There is a separate parable not here about the weeds and wheat. A community is filled with both and we have to allow that to happen for if we were to remove the weeds to permit the wheat to grow we would find that we would pull out some of the wheat too. So, we must allow both to be part of any community.
Therefore, the fact that people tried to silence Bartimaeus is not surprising. It is not that they purposely tried to be a form of weed in this quest to bear fruit. It is rather, they saw no need to change their way of seeing. They could not understand his blindness for they suffered from a form of blindness themselves.
If you look at what the scriptures teach us it is that Jesus heals spiritual blindness.
So now here is a question to ask. Are we spiritually blind? Where are we spiritually blind and what do we need to do to be able to see?
We have been going through a terrible time in the Church for twenty years, however, if we look at this terrible time differently, maybe this is how the Lord is curing our blindness. Have we become blind to the power of the Lord? What has made us complacent to the Lord working in our lives so powerfully that he changed lives permanently?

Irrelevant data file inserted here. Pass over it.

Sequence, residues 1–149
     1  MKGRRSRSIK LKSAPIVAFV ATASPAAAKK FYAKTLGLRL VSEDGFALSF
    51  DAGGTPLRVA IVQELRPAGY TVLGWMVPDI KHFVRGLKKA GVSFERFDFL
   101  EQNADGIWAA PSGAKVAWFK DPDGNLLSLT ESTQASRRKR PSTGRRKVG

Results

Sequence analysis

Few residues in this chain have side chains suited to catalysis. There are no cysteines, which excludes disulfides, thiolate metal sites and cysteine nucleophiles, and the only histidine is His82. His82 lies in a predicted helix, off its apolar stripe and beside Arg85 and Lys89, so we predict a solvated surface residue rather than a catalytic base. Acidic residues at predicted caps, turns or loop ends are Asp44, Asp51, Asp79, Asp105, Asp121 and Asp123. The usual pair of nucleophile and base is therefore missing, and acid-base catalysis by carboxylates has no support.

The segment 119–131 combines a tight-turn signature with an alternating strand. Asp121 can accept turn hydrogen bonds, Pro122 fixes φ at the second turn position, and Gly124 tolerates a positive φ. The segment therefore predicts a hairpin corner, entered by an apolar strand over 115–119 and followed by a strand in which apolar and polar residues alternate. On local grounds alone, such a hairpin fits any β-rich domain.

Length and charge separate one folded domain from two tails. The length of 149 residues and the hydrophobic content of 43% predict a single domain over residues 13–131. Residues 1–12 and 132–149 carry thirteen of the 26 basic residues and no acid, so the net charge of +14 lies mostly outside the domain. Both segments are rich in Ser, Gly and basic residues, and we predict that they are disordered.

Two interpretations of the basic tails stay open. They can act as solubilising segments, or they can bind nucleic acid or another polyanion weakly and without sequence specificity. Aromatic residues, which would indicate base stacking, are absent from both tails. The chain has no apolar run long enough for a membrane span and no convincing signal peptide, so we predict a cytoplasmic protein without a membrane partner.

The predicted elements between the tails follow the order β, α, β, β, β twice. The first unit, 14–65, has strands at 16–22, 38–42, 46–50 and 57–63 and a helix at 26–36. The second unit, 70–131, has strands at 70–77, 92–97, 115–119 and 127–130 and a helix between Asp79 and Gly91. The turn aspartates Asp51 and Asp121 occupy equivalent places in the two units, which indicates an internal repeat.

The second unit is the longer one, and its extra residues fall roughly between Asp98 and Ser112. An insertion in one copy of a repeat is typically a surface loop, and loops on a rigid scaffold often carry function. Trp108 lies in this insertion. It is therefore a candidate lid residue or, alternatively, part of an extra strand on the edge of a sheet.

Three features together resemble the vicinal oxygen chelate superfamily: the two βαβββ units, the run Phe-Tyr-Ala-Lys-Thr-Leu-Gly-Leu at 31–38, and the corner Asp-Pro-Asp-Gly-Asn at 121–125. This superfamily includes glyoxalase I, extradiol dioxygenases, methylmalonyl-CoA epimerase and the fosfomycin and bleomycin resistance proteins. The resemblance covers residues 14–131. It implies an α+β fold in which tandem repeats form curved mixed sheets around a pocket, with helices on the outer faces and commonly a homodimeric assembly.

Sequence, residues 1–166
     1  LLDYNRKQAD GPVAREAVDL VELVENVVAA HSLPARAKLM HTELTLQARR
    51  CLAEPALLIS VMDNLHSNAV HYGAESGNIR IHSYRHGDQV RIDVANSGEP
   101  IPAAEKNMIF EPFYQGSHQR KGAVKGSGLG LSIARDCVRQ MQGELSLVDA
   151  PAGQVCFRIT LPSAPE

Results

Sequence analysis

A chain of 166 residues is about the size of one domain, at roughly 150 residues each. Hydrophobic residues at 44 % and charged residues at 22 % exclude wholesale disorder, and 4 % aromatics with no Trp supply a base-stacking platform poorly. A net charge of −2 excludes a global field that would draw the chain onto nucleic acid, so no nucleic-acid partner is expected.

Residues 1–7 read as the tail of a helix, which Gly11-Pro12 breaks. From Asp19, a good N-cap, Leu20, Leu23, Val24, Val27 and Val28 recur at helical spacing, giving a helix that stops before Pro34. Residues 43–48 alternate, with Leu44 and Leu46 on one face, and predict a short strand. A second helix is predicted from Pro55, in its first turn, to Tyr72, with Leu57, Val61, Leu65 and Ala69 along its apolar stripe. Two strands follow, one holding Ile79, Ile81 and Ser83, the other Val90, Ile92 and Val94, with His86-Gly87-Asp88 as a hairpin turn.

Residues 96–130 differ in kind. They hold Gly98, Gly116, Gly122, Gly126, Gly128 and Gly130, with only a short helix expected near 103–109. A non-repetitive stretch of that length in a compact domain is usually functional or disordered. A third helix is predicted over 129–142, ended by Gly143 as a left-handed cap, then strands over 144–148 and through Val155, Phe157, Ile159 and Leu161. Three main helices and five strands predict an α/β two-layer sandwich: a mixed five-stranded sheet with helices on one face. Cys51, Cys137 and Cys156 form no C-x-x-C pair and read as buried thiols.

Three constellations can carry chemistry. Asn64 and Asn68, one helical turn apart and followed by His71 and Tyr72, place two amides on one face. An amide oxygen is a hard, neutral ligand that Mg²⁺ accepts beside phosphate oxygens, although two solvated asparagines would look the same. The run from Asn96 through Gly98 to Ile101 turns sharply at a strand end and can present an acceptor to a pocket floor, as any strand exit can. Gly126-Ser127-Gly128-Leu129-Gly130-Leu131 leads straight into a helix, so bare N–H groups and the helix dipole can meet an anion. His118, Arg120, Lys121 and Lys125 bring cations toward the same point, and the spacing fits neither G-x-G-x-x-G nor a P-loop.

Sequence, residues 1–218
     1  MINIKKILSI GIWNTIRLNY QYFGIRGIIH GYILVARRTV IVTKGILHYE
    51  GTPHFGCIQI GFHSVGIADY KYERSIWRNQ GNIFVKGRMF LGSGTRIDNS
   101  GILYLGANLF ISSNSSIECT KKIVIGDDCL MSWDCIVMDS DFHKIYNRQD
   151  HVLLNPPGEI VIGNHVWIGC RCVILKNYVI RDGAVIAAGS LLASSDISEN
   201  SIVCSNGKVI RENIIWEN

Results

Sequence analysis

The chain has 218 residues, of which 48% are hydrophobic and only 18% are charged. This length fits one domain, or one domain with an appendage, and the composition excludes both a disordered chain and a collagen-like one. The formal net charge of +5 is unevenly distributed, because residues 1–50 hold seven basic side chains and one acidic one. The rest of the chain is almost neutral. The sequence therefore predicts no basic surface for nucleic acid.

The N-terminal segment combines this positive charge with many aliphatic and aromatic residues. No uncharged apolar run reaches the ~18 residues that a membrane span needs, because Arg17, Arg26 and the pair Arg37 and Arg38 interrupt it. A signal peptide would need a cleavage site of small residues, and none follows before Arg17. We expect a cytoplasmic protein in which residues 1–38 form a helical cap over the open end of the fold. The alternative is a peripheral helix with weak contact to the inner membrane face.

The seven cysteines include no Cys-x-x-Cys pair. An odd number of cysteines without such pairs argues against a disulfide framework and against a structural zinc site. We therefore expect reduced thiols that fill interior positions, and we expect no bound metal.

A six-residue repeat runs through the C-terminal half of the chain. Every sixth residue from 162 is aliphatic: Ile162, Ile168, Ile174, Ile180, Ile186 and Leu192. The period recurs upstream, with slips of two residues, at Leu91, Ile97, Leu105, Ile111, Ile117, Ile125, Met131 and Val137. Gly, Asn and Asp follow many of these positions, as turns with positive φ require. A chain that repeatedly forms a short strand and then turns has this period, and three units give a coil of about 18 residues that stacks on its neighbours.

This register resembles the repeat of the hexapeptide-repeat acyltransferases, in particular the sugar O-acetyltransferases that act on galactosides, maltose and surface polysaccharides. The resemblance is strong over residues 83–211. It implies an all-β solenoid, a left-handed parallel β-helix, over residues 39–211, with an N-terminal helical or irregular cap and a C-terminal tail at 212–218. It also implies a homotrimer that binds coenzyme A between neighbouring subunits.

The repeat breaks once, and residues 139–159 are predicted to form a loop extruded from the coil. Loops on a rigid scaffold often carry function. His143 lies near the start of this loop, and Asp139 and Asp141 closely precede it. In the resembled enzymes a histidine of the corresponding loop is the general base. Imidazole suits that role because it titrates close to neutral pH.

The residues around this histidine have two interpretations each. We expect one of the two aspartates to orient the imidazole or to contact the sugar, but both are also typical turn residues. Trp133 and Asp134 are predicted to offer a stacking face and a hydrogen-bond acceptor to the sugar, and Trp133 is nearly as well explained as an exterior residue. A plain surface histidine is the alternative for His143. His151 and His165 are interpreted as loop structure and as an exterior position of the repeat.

Here is a question I have for us? Many college students in the area do not approach the church. Is it because they do not want to go to church or is it that we have become so complacent that we have no message for them? They pay tens of thousands of dollars to learn from the institutions around us, it costs nothing to enter into our church. Can we say that we are communicating our message so poorly that it has no power?
Is our difficult time in our Church how the Lord is healing us of our blindness. How are we being changed and how is God giving us a new vision? Where do we need to believe in a new way?
This is a good week for us to ask the Lord to heal our blindness to say to the Lord in our prayer that we want to see.
DJ Kennedy was an evangelical preacher in Coral Gables Florida and he did not like the Catholic Church. The reason is he saw it as a system of salvation, but Catholicism is not a system it is the body of Christ seeking to bring salvation to the world. However, what we can take from Rev. Dr. Kennedy who is deceased is something important. It can become a system. We can turn our faith in Christ into nothing more than a system. If we follow the system we will go to Heaven. When we do that we prove Dr. Kennedy correct. So we have to make sure we do not live within a system but in a personal life-changing encounter with Christ that heals our blindness caused by complacency, sin and what Jesus called an obtuse spirit.
Bartimaeus did not enter a system, he saw Jesus and his whole life changed at that moment. We must pray for the same thing. The Lord gave us the sacraments so we could see him more clearly. Let us pray this week that the Lord will open our eyes so powerfully that each one of us is never the same, our faith is never the same, our parish is never the same and our community is never the same. After all, that may be the lesson that Mark is actually teaching in his story of Bartimaeus.